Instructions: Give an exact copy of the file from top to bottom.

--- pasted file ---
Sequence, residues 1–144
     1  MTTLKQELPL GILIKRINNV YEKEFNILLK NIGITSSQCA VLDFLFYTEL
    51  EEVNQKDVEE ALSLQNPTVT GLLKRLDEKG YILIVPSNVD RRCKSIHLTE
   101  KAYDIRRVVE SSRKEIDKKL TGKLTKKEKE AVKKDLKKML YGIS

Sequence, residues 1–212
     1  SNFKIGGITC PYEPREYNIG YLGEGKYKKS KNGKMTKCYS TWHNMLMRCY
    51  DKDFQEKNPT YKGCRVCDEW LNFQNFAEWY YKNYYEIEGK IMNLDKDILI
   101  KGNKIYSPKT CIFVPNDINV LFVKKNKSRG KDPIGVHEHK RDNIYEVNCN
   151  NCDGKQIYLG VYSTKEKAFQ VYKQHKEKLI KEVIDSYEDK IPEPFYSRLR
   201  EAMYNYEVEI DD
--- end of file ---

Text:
Sequence, residues 1–144
     1  MTTLKQELPL GILIKRINNV YEKEFNILLK NIGITSSQCA VLDFLFYTEL
    51  EEVNQKDVEE ALSLQNPTVT GLLKRLDEKG YILIVPSNVD RRCKSIHLTE
   101  KAYDIRRVVE SSRKEIDKKL TGKLTKKEKE AVKKDLKKML YGIS

Sequence, residues 1–212
     1  SNFKIGGITC PYEPREYNIG YLGEGKYKKS KNGKMTKCYS TWHNMLMRCY
    51  DKDFQEKNPT YKGCRVCDEW LNFQNFAEWY YKNYYEIEGK IMNLDKDILI
   101  KGNKIYSPKT CIFVPNDINV LFVKKNKSRG KDPIGVHEHK RDNIYEVNCN
   151  NCDGKQIYLG VYSTKEKAFQ VYKQHKEKLI KEVIDSYEDK IPEPFYSRLR
   201  EAMYNYEVEI DD